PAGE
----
In the compilation of a code, each word has the potential to change the meaning of a code section. Further, terms can often have multiple meanings depending on the context in which they are being used. Therefore, it is necessary to maintain a section of definitions wherein the writers clarify the specific meaning of certain words in order to manage consistency throughout the document.
Additionally, many of the definitions found within this chapter reflect the specific needs of performance-based designs. Examples of such terms include “Bounding conditions,” “Construction documents” and “Design documents.”
The definitions within the ICCPC are primarily self-explanatory but several terms warrant further discussion.
One of the more important terms used in this document is “Bounding conditions,” which establishes limitations on changes to the building or facility systems or components, maintenance and operation features that are identified as critical or necessary preventative features to provide a safe environment for occupants. “Bounding conditions” are established by the design professional and have concurrence of the code official for performance-based designs. Essentially, “Bounding conditions” establish the sensitivity of a design to change. Such conditions should be contained within the documentation and also attached to a conditional Certificate of Occupancy. This term is also used within the the SFPE’s Code Official’s Guide to Performance-Based Design Review.
This term is used throughout the document and in particular in Part III as a term indicating that structures or areas other than just buildings are considered to be included in the application of the provisions of this code, such as tank farms and outdoor hazardous materials storage areas. This definition is based on the definition for “Facility” found in the International Fire Code, which includes buildings. However, there was a concern surrounding the potential misapplication of the term with regard to Section 702, Accessibility. Therefore, there was a need for a separate definition for facility that more closely correlates with the ANSI A117.1 standard. A definition was also added for “Essential facilities.” “Essential facilities” relates to the buildings, such as hospitals or shelters, that are needed after an event such as an earthquake or a hurricane. Therefore, there are now three definitions related to facilities, including definition of the term “Facility” as it applies generally to the code, the term “Facility” as it relates to accessibility, and finally the term “Essential facilities,” as discussed above.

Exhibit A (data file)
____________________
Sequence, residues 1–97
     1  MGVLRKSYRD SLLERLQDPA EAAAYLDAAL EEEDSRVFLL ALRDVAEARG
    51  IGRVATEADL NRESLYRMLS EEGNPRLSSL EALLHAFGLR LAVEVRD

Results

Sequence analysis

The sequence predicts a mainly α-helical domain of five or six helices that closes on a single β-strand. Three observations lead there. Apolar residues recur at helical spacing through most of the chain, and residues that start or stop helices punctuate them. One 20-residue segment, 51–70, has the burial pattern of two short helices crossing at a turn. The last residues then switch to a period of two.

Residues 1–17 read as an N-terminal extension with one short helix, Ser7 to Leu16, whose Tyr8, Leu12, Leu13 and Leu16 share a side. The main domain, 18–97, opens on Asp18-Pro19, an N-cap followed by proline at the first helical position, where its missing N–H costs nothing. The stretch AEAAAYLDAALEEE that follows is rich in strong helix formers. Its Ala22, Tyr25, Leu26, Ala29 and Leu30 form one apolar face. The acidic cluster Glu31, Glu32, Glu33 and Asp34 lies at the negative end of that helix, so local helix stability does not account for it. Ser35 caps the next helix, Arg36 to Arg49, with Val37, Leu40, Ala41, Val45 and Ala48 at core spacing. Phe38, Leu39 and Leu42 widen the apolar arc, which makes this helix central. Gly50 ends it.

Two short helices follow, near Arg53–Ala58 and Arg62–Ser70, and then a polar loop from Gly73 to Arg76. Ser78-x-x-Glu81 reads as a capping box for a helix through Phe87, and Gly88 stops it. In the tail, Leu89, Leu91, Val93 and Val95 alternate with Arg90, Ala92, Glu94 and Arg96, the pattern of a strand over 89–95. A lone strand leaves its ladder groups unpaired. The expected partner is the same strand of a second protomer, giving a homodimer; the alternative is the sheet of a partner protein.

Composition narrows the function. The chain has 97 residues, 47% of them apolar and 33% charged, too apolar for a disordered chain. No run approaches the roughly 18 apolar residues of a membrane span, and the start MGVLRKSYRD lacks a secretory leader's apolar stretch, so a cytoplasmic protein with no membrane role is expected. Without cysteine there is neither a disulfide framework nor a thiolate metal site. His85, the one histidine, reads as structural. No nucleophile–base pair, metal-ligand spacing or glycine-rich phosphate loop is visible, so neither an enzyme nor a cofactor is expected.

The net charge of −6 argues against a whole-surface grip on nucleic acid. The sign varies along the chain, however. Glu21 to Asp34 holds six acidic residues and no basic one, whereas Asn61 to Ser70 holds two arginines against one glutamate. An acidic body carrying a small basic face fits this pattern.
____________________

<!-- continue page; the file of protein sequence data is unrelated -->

Authoritative documents and design guides
Using authoritative documents and design guides for analysis, design and justification for use with performance-based design requires a significant standard of care to verify applicability to the intent of the performance code.
AUTHORITATIVE DOCUMENTS and DESIGN GUIDES include technical references that are widely accepted and utilized by design professionals, professional groups and technical societies that are active in the design of buildings and their systems. These documents should pass through at least one of the following development processes:
1. Documents developed through open consensus processes conducted by recognized governmental bodies.
2. Documents developed through open processes but conducted by professional or technical societies, code or standards organizations or recognized governmental bodies.
3. Documents that have undergone peer review processes and have been published in professional journals, conference reports and recognized technical publications.
DESIGN GUIDES are developed by architectural professional organizations, engineering professional organizations and technical societies and are published as guidance for use in performance-based design. Standards of practice in performance-based design aid in the selection and application of engineering standards, computational methods and other forms of scientific and technical information that are applicable to the methodologies selected in the design approach. Such documents also add a level of consistency to the process.
AUTHORITATIVE DOCUMENTS are documents typically developed in forums as identified in Items 1 or 2. DESIGN GUIDES are documents typically developed in forums identified in Items 2 or 3. The above processes are distinguished from a process that incorporates only a limited number of individuals’ opinions. Such limited documents may include research papers, theses, product-specific manufacturer’s guidance documents and other technical papers. Documents that are not considered AUTHORITATIVE DOCUMENTS or DESIGN GUIDES may be able to be used for a design when they comply with Appendix C for “individually substantiated designs.” Because of the limited review of such approaches, Section 104.3.4 specifically requires a peer review of such methods.
See also the user’s guide to Section 104, Acceptable Methods.
A definition for “Serious injury” was necessary to differentiate between other, less severe injuries. This assists in the application and understanding of the levels of impact in Chapter 3.